Much has been written about Thailand’s struggle to learn the English language. Nearly every year there is hand-wringing over Thailand’s basement floor ranking in English acquisition among Southeast Asian countries. Thai Education Ministers from multiple ruling parties have long championed “education reform” as a top objective. Having taught at Thai universities for for two decades, we have had our own share of frustrations and hand-wringing. However, in recent years that has all changed. While we still view it important for Thais to learn the basics of the English language, we no longer see “fluency” a worthwhile objective for most Thai people (even if it were possible to achieve).
English is undeniably the global lingua franca, and there are compelling reasons for Thailand to teach it to students at an early age. But technology is progressing at such a rapid pace that soon English fluency will be completely unnecessary for Thais to communicate with English speaking co-workers, tourists, retailers, etc.
Instant Thai to English and English to Thai translations (in both audio and print) will likely be available to everyone with a smartphone within the next 5 years. All you’ll need to do is put in your earbuds, click the live translation button, and begin chatting away with anyone — regardless of their language.
Translation tools will have improved so much that Thai schools could spend less time teaching English, and more time expanding Thai language instruction. This would not only help maintain and protect Thai culture and traditions, it would enrich them as well.
The Thai language is more than just a communication tool. It is a repository of Thailand’s history, values, traditions, and unique ways of thinking. By expanding Thai language education, Thailand would safeguard its cultural heritage and ensure that future generations remain deeply connected to their roots — fostering a sense of national pride and unity.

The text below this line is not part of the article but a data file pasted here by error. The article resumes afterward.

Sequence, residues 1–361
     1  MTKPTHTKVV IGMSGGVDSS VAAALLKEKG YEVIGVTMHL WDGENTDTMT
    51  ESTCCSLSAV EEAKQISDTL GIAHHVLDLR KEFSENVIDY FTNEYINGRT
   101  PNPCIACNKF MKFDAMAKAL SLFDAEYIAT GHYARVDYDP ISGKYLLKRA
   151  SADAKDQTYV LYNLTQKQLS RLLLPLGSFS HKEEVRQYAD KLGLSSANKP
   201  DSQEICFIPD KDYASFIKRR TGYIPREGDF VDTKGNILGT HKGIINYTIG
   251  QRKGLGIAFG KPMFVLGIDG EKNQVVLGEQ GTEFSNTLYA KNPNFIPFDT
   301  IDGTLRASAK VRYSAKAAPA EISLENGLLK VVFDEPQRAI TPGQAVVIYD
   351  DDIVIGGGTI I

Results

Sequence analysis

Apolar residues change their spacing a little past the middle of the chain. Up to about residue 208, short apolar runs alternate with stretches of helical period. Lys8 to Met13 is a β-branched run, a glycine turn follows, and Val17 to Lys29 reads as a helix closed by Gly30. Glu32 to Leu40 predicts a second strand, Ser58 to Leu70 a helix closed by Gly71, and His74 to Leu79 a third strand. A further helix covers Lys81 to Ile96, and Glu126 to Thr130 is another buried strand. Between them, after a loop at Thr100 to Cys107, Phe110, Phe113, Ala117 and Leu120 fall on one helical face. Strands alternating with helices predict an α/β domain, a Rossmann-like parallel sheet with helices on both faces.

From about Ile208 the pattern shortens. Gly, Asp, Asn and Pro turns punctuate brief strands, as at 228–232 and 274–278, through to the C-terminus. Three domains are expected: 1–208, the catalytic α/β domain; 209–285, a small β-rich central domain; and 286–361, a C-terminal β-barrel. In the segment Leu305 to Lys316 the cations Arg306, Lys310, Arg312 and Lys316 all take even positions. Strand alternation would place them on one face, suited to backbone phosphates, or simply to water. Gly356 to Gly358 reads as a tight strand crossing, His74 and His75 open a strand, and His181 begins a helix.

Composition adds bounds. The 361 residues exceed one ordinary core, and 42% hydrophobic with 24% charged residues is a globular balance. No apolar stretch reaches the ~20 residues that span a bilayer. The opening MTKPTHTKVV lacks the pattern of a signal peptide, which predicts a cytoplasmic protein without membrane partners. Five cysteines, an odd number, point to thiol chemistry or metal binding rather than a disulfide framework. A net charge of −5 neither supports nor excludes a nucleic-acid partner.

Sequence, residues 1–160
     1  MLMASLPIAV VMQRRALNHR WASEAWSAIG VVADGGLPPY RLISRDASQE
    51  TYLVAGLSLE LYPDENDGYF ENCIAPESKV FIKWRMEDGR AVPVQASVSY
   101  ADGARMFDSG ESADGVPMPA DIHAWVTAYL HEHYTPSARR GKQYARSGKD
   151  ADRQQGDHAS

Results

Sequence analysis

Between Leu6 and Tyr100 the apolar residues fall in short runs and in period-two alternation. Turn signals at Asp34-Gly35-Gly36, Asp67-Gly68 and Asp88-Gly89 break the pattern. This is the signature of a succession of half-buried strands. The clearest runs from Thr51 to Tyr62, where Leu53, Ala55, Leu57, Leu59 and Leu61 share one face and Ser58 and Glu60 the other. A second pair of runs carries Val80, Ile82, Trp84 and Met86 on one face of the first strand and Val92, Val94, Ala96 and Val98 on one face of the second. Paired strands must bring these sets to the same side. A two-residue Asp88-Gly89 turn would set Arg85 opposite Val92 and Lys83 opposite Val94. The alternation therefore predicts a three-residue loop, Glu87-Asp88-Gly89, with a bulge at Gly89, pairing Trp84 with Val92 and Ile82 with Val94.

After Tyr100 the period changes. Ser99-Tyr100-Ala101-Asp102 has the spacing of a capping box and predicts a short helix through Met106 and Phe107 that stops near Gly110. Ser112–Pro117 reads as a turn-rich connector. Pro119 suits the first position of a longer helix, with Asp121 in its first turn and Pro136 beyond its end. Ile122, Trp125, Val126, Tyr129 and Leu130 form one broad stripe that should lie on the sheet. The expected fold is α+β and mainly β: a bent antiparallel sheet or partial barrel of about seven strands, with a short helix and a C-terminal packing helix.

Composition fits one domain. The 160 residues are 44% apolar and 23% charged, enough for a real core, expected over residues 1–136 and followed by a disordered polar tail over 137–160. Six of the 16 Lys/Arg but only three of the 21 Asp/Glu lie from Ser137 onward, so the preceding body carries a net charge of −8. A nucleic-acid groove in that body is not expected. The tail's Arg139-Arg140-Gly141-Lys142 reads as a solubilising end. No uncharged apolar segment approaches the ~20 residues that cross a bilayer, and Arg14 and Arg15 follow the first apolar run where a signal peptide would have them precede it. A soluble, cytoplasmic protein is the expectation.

We don’t mean to suggest that English instruction should be abandoned altogether. Like we said, the basics should still be taught to all students. There also should be classes that teach the tips, tricks, and strategies for using English/Thai translation and grammar tools in the most efficient and productive manner. In addition, there should be paths open to those Thais who would like to learn English at a high level.
However, there are currently many hours of English instruction being essentially wasted without any benefit. If a large portion of those hours were dedicated to advanced Thai language instruction, this would promote a greater understanding of Thailand’s linguistic diversity, allowing the Kingdom’s numerous dialects, accents, and cultural expressions to flourish.
These linguistic variations (such as Isaan in the Northeast, Kam Mueang in the North, and Pak Tai in the South) contribute to the richness of Thailand’s societal fabric. If more Thai students were taught these regional dialect, this would foster an inclusive environment where all citizens could express themselves freely. It also could help heal some societal divisions and improve the political landscape.
Contrary to the belief that English fluency is an economic necessity, many countries have thrived without making English education a national concern. A Thailand education reform plan that expanded Thai language instruction could lead to the creation of more homegrown industries and businesses that cater to the specific needs and preferences of local populations.
Additionally, this approach to Thailand education reform would encourage investment in language-related fields such as Thai literature, Thai arts, Thai media, and Thai entertainment. By tapping into its unique linguistic identity, Thailand could attract more international attention, grow its tourism industry, and contribute to global cultural diversity.